Review: Detective Comics #948
Detective Comics #948 starts out as possibly a new take on the early crime fighting days of Batwoman when she worked with her father, Jake Kane, to put a military twist on vigilantism after she resigned from West Point because of Don’t Ask, Don’t Tell. However, it quickly becomes sort of a cleaning crew for the first arc of co-writer James Tynion‘s Detective Comics featuring the nefarious paramilitary organization The Colony as well as the “Monster Men” crossover. Tynion, Marguerite Bennett, and artist Ben Oliver give Batwoman plenty of panel time as her trainees Cassandra Cain, Clayface, and Spoiler are nowhere to be seen. But, in attempting to tie up threads from these storylines, there’s no time to tell a good Batwoman story and answer the question, “What can Batwoman do that Batman can’t.”
In the flashback scene, Tynion, Bennett, and Oliver construct the emotional center of the “Batwoman Begins” arc, which is the relationship between Batwoman and her dad, Jake Kane. Oliver’s art in the first pages looks like some super cool Batwoman mod of the Arkham video games with heads up displays and angles showing her pursuit of Batman. But, then he softens his art when the costumes come off, and Kate has a drink with her dad, who is proud that she is improving as a crime fighter even if Batman has evaded their trail. This warm cameraderie leads in nicely to Batwoman watching her dad in his cell, but then she gets caught up in a potentially interesting action storyline featuring secret organizations with the potential to transform into kaiju. And the emphasis is definitely on “potential” as Batwoman’s personal narrative plays third fiddle to monsters, mad scientists, and a Prometheus wannabe.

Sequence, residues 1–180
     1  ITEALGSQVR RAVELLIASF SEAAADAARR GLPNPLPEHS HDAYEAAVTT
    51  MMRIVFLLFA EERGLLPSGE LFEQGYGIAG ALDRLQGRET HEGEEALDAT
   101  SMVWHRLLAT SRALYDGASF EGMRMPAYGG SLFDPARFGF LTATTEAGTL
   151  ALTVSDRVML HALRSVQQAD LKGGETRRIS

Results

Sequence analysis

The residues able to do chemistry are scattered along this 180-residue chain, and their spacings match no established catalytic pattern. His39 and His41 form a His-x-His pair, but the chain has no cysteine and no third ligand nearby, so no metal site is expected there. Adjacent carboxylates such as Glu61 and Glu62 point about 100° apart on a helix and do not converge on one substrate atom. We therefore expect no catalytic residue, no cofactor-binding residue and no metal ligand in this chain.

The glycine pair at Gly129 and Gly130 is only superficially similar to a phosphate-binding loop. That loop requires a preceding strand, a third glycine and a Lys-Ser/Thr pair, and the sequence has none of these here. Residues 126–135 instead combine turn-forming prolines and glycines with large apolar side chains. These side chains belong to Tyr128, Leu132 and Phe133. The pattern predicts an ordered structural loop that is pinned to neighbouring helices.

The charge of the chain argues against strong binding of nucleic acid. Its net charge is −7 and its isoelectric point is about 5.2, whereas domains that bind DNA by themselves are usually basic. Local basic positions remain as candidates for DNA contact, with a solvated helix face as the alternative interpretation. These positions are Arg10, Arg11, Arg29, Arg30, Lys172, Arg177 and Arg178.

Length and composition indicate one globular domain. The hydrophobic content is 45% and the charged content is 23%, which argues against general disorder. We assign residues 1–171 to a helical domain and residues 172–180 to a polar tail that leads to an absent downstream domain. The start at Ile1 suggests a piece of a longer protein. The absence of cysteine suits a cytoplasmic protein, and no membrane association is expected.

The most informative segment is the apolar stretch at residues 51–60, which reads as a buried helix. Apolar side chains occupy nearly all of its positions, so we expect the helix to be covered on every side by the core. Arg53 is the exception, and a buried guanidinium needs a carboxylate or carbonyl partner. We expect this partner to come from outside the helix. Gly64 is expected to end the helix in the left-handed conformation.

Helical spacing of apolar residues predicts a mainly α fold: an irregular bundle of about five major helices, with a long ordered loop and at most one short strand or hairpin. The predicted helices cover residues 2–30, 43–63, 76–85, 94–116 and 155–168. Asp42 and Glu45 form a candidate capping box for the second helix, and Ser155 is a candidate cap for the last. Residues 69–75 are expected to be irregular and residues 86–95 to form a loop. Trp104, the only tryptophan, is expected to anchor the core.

Even Oliver’s art kind of falls off when the story hits the present. The glorious skyline of Gotham with its skyscrapers is kind of just drab and boring when Batman and Batwoman hit Monster Town. The image of a monster/seagull did make me a shudder a little bit and sells the fact that these dead monsters’ blood could lead to some terrible consequences more than Dr. October’s exposition. She is a charming and high energy character, and even if his cityscapes aren’t as well defined, Oliver still has a knack for expressions.
With the exception of the poetic flashbacks, Detective Comics #948 lacks the interpersonal tension that has been the best part of James Tynion’s run on the title, especially when Spoiler confronted Batman in the last arc. This incident isn’t even mentioned in this comic as he, Marguerite Bennett, and Ben Oliver decide to play a juggling act with the repercussions of the Monster Men, the resurgence of the Colony, and try to do a backdoor pilot for Batwoman’s upcoming series. Hopefully, we learn more about what makes Kate tick as a person and crime fighter in the next issue of “Batwoman Begins” instead of just rehashing (Not so.) old storylines.
Story: James Tynion IV, Marguerite Bennett Art: Ben Oliver
Story: 6.0 Art: 7.5 Overall: 6.7 Recommendation: Read
DC Comics provided Graphic Policy with a FREE copy for review